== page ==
Scientists have discovered a potent inflammatory factor called interleukin (IL)-1 that is released during necroptosis, a type of cell death by suicide often present in inflammatory bowel disease (IBD).
The discovery suggests that available medicines targeting IL-1 and future medicines developed to target this molecule may succeed as a new kind of therapeutics for inflammatory diseases including IBD and psoriasis.
The study “Active MLKL triggers the NLRP3 inflammasome in a cell-intrinsic manner,” appeared in the journal Proceedings of the National Academy of Sciences (PNAS).
Necroptosis takes place when cells become infected with a pathogen. In this sense, it represents a defense mechanism in which the body sacrifices infected or diseased cells to protect other healthy cells from becoming infected or sick.
Too much necroptosis can trigger inflammation, which may ultimately lead to diseases like IBD. Previous studies suggested that a byproduct of dead cell debris causes necroptosis-induced inflammation. Yet now, researchers suggest that inflammation after necroptosis is triggered because during their death, cells release pro-inflammatory mediators such as interleukin (IL)-1.
“Our research has pinpointed that, during necroptosis, dying cells release IL-1, a potent inflammatory signal,” Dr. Lisa Lindqvist, one of the study’s lead authors, said in a press release .”Now that we have discovered IL-1 is the ‘root’ of the inflammation associated with necroptosis, we speculate that targeting this molecule could be an effective way of treating inflammatory diseases.”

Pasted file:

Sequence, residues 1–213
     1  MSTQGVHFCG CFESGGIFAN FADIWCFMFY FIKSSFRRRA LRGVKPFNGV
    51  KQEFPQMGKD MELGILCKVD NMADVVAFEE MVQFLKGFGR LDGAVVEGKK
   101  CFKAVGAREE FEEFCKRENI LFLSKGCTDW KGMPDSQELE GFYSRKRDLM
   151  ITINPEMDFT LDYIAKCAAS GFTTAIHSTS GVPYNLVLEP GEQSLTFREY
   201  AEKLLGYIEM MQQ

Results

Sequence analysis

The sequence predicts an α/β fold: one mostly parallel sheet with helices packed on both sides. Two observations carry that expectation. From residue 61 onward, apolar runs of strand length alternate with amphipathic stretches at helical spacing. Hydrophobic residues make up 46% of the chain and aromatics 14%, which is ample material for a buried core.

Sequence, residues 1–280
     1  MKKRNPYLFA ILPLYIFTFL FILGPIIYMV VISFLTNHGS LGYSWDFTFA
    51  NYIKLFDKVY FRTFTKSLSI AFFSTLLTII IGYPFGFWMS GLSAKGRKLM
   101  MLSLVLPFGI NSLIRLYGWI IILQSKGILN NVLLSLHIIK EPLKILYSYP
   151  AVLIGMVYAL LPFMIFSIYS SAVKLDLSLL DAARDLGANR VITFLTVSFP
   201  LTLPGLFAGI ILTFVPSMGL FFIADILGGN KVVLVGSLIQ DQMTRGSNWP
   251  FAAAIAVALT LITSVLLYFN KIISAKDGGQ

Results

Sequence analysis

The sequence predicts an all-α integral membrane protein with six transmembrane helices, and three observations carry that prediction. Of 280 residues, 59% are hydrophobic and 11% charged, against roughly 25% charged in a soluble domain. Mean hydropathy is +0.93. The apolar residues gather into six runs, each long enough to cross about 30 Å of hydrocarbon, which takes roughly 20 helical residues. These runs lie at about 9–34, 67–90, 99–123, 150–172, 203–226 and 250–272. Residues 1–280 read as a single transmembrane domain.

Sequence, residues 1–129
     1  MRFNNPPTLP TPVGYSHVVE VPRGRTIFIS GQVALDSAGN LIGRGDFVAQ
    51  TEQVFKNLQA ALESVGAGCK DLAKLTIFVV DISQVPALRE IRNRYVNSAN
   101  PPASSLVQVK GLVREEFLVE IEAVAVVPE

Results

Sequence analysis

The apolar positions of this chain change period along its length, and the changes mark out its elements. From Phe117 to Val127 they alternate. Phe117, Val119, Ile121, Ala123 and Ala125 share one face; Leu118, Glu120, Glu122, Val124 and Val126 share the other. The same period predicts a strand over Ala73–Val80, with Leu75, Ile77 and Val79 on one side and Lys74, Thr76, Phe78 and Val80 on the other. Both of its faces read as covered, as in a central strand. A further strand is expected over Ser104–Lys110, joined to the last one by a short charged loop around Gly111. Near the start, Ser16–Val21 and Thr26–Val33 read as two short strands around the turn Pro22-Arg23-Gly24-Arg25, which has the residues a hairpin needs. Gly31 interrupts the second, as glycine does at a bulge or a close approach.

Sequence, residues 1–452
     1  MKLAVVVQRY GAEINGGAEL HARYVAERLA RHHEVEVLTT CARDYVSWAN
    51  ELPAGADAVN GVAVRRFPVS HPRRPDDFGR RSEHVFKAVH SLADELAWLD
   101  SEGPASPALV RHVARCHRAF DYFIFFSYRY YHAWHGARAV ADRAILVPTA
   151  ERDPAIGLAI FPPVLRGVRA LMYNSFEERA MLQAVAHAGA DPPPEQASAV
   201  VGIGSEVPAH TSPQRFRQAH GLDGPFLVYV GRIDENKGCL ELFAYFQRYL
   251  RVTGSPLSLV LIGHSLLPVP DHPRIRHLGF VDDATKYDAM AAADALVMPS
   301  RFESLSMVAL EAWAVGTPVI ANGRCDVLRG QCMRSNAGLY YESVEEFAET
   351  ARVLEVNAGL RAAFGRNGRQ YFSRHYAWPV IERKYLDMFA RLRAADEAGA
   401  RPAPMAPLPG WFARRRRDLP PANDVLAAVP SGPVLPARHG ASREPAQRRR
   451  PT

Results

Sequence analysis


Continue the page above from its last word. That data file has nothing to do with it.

These findings offer the prospect for potential new therapeutic avenues where targeting IL-1 may suppress inflammation — not only in IBD but also multiple sclerosis, ischemia-reperfusion injury, atherosclerosis, liver disease, pancreatitis, psoriasis and even infectious diseases.
“Our research suggests that existing drugs that block IL-1 might be useful in treating these diseases,” Lindqvist said.
Current studies seek to understand how IL-1 is secreted. Understanding the mechanisms underlying IL-1 secretion may also help scientists to develop additional therapies — and ultimately, new drugs to stop its release and reduce inflammation.